Infinitely small nanostructures will soon permeate your food, body and environment on the grounds of improving structure, preventing disease and enhancing traits, but their potential to be toxic, invade immune systems or simply behave erratically and unexpectedly could pose real dangers in a burgeoning industry rapidly delving into the unknown
Aaron Dykes / Jones Report | December 6, 2007
Nanotechnology could become a revolutionary force in the near future, but its microparticulate nature poses uncertain risks and unknown dangers as it infuses unchecked with foods, cosmetics, medical treatments, plastics and many other materials which already permeate hundreds of consumer products.
Many scientists have recently aired their concerns in an apparent paradox– the very developments expected to work wonders across the gamut of science, medicine, technology and everyday life could expose consumers to the vulnerability of nanotech’s infinitely small size and potential instability.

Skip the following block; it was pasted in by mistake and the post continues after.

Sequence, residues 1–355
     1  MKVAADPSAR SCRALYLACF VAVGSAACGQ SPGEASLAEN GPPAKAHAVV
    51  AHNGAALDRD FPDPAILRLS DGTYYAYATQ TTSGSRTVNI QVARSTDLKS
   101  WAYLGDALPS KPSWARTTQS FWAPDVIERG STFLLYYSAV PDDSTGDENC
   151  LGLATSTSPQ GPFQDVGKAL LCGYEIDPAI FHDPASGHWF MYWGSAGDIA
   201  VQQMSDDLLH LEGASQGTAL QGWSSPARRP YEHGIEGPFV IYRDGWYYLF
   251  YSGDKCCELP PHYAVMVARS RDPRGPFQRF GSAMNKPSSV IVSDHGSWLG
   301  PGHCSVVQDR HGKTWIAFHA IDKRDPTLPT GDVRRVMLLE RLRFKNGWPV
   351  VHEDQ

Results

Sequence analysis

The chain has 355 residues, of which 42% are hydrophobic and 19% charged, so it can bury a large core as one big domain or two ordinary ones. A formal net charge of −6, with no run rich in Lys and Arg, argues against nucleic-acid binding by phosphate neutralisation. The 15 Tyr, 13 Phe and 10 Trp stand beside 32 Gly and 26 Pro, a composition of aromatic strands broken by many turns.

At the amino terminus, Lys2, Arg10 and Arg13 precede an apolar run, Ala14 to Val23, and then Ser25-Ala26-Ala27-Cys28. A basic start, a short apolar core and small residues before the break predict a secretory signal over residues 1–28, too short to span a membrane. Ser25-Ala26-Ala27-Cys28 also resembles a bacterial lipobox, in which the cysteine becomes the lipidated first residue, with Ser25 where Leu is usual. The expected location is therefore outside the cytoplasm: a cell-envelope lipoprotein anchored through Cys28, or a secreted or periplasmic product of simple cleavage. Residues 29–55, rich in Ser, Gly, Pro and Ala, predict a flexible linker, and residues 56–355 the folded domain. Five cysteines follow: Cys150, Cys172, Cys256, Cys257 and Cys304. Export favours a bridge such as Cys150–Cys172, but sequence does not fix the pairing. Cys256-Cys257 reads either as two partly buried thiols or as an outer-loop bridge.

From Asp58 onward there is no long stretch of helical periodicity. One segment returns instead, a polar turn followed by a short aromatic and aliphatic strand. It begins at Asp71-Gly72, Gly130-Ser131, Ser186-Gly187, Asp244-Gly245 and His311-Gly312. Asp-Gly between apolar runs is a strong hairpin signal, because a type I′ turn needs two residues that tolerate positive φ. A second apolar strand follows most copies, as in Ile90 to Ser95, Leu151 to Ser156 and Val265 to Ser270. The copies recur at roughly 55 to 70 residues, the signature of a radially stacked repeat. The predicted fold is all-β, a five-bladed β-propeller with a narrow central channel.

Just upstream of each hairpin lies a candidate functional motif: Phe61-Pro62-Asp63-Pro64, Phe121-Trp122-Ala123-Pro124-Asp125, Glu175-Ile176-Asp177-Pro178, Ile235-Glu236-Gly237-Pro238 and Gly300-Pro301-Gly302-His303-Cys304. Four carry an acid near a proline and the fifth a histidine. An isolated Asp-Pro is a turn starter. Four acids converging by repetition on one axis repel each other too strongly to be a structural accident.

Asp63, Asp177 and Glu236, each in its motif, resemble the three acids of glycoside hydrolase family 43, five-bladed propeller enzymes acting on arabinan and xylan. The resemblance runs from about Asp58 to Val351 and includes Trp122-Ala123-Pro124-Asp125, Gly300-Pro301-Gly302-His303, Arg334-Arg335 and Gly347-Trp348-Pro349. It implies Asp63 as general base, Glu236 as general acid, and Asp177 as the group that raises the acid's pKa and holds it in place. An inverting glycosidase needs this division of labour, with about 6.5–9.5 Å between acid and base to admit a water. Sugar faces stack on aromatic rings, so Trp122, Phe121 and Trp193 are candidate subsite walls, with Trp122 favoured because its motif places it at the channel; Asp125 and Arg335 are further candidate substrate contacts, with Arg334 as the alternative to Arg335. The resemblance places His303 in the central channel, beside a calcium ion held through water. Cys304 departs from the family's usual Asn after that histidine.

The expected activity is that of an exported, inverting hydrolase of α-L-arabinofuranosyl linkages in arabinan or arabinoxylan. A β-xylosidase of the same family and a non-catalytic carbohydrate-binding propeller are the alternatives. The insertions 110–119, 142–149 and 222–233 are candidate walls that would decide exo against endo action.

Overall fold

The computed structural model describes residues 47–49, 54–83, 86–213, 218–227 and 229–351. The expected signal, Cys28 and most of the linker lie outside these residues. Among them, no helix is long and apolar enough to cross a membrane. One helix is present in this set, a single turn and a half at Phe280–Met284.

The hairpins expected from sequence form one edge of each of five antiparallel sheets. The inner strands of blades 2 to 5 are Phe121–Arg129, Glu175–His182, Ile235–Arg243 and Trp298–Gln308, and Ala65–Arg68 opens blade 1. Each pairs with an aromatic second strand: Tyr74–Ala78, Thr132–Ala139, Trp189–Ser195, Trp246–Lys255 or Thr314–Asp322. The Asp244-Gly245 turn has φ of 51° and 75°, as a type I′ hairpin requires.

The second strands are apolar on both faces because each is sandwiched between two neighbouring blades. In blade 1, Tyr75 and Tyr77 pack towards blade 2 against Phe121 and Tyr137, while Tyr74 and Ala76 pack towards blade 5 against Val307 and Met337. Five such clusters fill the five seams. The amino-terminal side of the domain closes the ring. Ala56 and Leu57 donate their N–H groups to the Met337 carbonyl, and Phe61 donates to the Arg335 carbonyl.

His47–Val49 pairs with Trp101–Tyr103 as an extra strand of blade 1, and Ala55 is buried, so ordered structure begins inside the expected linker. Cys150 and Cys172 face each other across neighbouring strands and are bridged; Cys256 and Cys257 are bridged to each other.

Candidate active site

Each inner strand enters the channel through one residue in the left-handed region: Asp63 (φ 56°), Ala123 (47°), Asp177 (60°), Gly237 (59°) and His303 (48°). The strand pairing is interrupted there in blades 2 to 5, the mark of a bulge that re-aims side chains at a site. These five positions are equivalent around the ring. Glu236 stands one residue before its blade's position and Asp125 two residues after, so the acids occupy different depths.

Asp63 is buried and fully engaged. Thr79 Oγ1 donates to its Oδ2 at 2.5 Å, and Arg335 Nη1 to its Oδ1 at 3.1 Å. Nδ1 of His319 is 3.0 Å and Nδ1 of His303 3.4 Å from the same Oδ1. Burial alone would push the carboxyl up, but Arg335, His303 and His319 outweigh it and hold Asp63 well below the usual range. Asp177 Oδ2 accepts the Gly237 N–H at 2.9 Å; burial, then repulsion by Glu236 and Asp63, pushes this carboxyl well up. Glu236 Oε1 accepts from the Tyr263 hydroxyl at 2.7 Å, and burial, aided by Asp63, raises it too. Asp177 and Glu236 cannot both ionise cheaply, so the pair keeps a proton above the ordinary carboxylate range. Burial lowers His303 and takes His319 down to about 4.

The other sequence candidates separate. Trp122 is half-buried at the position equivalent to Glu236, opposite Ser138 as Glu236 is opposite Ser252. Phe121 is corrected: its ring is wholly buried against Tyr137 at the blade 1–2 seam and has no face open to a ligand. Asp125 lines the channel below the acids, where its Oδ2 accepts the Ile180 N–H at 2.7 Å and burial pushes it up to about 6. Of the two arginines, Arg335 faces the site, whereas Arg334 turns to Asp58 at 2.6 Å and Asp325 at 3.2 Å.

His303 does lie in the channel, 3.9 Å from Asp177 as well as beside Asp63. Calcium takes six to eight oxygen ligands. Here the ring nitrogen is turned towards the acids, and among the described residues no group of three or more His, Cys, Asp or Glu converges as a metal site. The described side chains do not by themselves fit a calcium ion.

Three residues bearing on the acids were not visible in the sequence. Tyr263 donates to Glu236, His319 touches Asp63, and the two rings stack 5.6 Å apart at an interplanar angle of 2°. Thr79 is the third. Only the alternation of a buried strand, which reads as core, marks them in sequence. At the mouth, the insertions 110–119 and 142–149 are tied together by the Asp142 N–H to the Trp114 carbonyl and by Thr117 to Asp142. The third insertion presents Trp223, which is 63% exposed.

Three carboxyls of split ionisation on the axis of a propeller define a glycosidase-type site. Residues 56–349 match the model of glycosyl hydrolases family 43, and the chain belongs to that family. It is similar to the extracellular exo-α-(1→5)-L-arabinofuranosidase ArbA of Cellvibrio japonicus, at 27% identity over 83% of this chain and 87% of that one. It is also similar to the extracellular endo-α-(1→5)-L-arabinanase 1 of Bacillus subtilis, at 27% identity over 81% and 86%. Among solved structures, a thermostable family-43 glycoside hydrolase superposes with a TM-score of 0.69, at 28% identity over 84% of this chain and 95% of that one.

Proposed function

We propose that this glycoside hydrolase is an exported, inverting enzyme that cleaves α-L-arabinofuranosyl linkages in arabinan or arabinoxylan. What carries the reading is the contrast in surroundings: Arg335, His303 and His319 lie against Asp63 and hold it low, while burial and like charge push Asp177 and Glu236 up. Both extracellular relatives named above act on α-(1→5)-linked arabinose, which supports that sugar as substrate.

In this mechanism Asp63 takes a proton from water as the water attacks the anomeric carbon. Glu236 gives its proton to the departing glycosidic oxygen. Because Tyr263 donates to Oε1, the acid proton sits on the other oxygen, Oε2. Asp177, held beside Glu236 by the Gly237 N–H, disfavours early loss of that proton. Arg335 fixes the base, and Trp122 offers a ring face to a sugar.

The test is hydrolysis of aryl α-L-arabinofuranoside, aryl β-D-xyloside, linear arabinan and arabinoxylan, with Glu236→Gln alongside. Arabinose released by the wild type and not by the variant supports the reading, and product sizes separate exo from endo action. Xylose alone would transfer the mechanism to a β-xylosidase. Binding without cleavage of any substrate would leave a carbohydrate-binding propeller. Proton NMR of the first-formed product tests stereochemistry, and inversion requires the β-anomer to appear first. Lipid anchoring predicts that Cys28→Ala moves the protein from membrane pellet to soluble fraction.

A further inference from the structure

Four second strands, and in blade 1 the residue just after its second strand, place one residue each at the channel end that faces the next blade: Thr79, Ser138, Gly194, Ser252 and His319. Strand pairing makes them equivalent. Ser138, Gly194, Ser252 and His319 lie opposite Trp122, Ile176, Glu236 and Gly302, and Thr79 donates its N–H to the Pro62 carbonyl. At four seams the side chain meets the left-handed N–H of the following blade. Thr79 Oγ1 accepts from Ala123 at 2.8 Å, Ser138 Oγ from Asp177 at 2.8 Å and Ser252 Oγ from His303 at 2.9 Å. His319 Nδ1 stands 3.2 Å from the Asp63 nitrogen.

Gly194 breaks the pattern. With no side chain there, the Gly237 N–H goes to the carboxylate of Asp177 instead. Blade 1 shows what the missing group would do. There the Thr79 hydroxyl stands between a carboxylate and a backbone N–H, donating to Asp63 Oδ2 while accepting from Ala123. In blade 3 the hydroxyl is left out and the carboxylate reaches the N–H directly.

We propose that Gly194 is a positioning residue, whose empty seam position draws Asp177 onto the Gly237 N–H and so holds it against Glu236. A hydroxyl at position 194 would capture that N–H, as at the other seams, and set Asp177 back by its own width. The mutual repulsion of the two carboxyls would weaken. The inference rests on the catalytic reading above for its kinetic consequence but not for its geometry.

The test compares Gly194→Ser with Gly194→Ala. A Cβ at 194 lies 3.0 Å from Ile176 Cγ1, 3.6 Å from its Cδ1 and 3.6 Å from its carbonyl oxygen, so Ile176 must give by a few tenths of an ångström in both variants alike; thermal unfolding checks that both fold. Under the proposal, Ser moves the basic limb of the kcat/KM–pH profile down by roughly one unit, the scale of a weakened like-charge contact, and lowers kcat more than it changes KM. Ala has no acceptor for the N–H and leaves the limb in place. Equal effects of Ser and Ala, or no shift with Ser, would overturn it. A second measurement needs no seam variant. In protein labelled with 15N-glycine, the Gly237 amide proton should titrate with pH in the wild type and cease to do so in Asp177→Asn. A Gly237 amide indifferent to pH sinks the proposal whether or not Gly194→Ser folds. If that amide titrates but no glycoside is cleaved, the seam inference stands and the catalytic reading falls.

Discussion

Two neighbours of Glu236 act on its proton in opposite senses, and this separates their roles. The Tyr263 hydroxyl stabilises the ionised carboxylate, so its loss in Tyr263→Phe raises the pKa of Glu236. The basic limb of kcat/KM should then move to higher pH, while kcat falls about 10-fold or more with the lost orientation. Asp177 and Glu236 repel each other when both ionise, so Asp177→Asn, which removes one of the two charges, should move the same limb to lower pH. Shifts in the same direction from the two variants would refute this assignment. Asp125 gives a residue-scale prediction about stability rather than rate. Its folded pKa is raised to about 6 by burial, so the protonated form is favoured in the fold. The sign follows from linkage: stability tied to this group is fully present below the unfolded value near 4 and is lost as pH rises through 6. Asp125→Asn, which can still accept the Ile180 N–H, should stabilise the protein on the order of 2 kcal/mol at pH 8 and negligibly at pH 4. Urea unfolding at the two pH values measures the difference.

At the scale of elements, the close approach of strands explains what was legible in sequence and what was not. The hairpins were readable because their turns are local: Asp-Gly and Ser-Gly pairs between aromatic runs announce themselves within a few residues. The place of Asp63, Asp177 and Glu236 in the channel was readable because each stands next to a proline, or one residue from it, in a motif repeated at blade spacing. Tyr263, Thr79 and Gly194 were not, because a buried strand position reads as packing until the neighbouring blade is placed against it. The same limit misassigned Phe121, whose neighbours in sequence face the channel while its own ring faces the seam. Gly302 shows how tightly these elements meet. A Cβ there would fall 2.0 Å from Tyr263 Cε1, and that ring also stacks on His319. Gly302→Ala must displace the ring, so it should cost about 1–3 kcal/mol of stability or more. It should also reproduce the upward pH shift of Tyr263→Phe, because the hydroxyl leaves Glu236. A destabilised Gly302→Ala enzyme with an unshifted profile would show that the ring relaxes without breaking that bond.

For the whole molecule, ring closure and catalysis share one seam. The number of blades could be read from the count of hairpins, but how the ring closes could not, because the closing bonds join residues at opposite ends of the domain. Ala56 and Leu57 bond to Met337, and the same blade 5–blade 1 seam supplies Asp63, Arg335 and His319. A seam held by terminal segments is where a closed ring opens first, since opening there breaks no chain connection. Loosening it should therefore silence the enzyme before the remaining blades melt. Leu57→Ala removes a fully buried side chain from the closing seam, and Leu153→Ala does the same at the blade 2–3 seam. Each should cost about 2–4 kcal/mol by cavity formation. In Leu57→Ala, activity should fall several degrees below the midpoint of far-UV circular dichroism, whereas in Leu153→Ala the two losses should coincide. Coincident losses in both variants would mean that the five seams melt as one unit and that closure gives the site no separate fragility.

The Economist reports that:
“Nanoparticulate versions of a [known] material can act in novel ways… despite hundreds of years of experience in chemistry, it is not easy to predict how a substance will behave when it is made extremely small. Plenty of research suggests that nanoparticles of harmless substances can become exceptionally dangerous. Materials, such as gold, that would not react to other substances become reactive. [Yet] silver can have antimicrobial properties.”
Despite an insufficient understanding of the adverse effects nanoproducts could have on health and the environment, big money is pouring into an industry expected to grow to $1 trillion by 2010 and several trillion by 2014, which governments across the globe are already stimulating with cash injections and heavy subsidies.
Channel News Asia expects that nanotech will “permeate almost every aspect of our lives” in the “time to come.”
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